The 2018 Victoria’s Secret Fashion Show aired last night on December 2 – with it came a predictable slew of thinkpieces on the need to diversify the body types, races, gender identities on the runway. Over the last few years, the company seems to have made half-assed attempts at this, with almost half of the models in 2017’s show being black, Asian, or hispanic. Yet, when asked about the role “transsexuals” or “plus-size women” could play in Victoria’s Secret’s revamped production, CMO Ed Razek put the company’s collective foot in its mouth, professing that these women are not a part of society’s “fantasy” of women’s bodies.
This is nothing new. Controversies around the show and its models have ranged from disregard for PETA’s ethical standards to blatant cultural appropriation to unfiltered racism.
We are sorry that the Native American headdress in our fashion show has
upset individuals. The outfit will be removed from the broadcast.
— Victoria’s Secret (@VictoriasSecret) November 10, 2012
Yet models have gone on record defending the show, calling it “empowering” for young women to see role models who “own their sexuality and [are] in charge”. This is a convenient cop out. Harper’s Bazaar has an excellent article that points out how this version of empowerment has little to do with actually improving conditions for the female collective, used instead as an excuse for models to flaunt their personal successes.
Within the industry, women have called for boycotts. Australian model Robyn Lawley has put out a petition on Change.org listing her qualms with a show that is steeped in body-shaming and unhealthy expectations of its models. Erin Heatherton, who had previously been in the show, has stepped away after being told to lose weight. Model Ashley Graham, in a tongue-in-cheek post on Instagram, has called out the brand for still excluding diverse body types when previously exclusionary institutions like Swimsuit Illustrated have embraced body positivity on their covers and runways. Criticism has caused the show’s viewership to spiral by 32% between 2016 and 2017.
Yet most critiques of VS remain centred on the lack of “diversity” and “cultural sensitivity” exhibited by the company, leaving structural problems largely unaddressed. The truth is, even if the VS fashion show were to transform into some liberal haven of multi-gendered and size-varying bodies, “women’s empowerment” would still be far from achieved. For the brand operates in a nefarious web of consumerism that exploits labour in the global south so it can sell lacy thongs at slashed prices. And who buys these? Young women trapped within a system that makes them believe that displays of the (suntanned, airbrushed) female body are empowerment.
Women working in the sweatshops that produce these symbols of liberal feminism remain excluded from the empowerment narrative, with neither bargaining rights nor any guarantee of a decent living wage. Yet an estimated US $22 million is spent on the fashion show itself, including anything ranging from US $1-10 million on the “fantasy bra” featuring elaborate embroidery and precious stones sourced from around the world.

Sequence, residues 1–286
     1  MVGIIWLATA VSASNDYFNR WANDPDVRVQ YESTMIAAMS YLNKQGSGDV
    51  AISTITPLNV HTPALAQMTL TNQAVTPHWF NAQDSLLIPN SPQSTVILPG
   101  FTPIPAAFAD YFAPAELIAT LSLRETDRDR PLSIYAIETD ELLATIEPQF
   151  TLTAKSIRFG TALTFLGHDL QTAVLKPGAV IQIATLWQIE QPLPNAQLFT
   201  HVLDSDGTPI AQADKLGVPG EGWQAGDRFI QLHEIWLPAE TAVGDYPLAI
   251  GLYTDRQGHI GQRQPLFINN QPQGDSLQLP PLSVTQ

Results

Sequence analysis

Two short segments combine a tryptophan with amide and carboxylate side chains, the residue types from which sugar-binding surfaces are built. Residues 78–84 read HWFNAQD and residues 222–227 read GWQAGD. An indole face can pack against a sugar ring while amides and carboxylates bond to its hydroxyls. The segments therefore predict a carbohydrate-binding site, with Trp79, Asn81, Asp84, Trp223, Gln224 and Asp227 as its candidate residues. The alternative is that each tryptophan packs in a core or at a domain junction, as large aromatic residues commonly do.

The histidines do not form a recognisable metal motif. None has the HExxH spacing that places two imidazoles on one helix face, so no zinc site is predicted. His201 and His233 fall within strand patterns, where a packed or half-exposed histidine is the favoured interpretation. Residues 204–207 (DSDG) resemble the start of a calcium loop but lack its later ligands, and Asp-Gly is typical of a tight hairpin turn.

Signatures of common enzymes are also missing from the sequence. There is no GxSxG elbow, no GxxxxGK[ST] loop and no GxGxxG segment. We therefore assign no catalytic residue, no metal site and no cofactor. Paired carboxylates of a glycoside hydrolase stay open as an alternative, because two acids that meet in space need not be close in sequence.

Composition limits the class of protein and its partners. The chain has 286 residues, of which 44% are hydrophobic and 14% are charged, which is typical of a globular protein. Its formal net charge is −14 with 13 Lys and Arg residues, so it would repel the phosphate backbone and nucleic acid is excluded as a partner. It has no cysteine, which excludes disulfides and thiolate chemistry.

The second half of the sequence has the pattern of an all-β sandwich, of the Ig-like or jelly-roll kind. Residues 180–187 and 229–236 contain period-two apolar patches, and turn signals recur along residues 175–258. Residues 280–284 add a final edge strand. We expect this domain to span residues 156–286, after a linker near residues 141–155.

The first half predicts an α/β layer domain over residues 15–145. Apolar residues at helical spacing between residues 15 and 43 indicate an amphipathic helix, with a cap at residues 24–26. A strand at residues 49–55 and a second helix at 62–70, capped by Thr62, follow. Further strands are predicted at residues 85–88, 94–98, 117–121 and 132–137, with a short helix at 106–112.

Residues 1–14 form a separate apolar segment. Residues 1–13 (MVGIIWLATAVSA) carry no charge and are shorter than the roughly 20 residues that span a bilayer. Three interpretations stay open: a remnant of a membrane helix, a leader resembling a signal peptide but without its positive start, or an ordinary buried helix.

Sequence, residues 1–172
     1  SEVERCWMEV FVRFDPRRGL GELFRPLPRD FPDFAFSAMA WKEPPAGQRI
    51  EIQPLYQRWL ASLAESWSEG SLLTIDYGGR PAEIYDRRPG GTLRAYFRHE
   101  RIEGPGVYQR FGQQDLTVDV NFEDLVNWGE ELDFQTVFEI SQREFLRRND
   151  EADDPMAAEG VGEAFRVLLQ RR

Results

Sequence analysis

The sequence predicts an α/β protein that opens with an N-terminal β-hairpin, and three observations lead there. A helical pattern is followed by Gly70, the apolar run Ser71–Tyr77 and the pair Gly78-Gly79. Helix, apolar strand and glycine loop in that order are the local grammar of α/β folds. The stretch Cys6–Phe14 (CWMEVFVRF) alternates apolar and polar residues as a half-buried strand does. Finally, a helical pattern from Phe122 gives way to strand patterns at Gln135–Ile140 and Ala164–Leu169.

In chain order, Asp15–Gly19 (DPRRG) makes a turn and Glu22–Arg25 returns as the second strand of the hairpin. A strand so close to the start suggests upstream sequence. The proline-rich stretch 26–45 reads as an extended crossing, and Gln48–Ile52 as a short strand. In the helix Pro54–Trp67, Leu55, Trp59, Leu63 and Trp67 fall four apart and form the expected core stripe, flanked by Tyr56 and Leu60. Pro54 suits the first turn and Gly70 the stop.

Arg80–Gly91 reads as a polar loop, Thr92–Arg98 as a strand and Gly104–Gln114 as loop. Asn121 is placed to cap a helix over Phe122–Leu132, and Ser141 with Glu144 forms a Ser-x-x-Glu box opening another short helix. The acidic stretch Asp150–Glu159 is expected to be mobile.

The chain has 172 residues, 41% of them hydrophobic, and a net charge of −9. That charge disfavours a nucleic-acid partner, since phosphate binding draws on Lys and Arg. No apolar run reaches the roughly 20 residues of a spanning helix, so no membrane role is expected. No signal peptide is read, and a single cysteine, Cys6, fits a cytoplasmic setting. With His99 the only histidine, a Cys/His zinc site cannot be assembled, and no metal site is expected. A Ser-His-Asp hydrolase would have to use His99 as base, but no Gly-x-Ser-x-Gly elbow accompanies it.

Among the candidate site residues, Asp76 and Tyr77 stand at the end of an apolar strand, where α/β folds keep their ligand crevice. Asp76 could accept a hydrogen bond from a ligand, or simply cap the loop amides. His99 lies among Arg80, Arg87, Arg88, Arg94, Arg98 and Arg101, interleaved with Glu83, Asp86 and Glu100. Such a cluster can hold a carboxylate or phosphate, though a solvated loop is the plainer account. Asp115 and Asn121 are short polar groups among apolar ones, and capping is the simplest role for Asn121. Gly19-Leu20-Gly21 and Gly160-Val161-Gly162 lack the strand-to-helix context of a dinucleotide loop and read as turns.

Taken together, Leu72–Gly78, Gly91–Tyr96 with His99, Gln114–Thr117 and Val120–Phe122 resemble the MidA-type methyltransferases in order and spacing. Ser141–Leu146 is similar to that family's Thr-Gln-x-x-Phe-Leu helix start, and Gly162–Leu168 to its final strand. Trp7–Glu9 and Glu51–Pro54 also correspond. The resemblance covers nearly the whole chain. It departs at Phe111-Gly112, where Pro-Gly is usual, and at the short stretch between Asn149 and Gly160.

VS’ sourcing of fabric is equally suspect. According to a Mic report, “America’s largest brand of lingerie gets its textiles from Delta Galil Industries, a company with a warehouse in the Barkan Industrial Zone, an Israeli settlement in the West Bank.” By supporting an Israeli company located on a settlement, VS contributes to a regime that is systematically stripping Palestinians of their land. Whether the brand’s cotton is organic or not becomes a tertiary concern in the face of such disregard for human life.
The fashion show is nothing more than a symptom of the callousness festering both within Victoria’s Secret and the fashion industry as a whole. Brands like La Senza and Enamor in India have equally suspect production processes, making them party to the larger problem.
Including more diverse bodies and colours will simply slap a bandaid on this structural issue, concealing the large-scale dehumanisation of women who don’t fit within the narrative of liberal feminism. Don’t let the facade of inclusion deceive you – there is no benefit to sewing up small holes if we ignore the huge rips in the fabric of the fashion industry.
Instead, support ethical producers. Brands like Tailor and Circus and Underworld Co. are making strides in the nascent ethical underwear industry in India. Take care of your underwear so it can last for years instead of jumping on the bandwagon of the latest trend in “sexualising your body”. And for the sake of hundreds of thousands of women in the global south, please stop contributing to the glorification of the Victoria’s Secret fashion show.